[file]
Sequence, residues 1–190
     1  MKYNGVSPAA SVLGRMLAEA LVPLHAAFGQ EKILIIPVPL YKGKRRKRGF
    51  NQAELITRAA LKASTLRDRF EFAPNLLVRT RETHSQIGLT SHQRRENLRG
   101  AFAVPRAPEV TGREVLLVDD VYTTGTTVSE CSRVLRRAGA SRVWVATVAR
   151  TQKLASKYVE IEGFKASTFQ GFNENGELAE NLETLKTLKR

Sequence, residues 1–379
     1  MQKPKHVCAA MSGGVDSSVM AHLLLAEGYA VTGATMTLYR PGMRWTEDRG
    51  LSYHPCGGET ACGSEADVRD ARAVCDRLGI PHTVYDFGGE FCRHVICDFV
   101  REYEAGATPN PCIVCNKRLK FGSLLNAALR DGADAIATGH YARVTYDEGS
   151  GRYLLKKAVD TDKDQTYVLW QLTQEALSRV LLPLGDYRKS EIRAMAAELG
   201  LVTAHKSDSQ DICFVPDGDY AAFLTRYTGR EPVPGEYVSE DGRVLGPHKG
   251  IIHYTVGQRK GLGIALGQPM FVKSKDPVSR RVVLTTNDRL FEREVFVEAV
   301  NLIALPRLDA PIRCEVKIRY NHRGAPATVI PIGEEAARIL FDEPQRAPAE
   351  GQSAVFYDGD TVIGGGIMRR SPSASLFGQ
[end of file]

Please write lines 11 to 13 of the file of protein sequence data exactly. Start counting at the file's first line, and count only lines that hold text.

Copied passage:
   201  LVTAHKSDSQ DICFVPDGDY AAFLTRYTGR EPVPGEYVSE DGRVLGPHKG
   251  IIHYTVGQRK GLGIALGQPM FVKSKDPVSR RVVLTTNDRL FEREVFVEAV
   301  NLIALPRLDA PIRCEVKIRY NHRGAPATVI PIGEEAARIL FDEPQRAPAE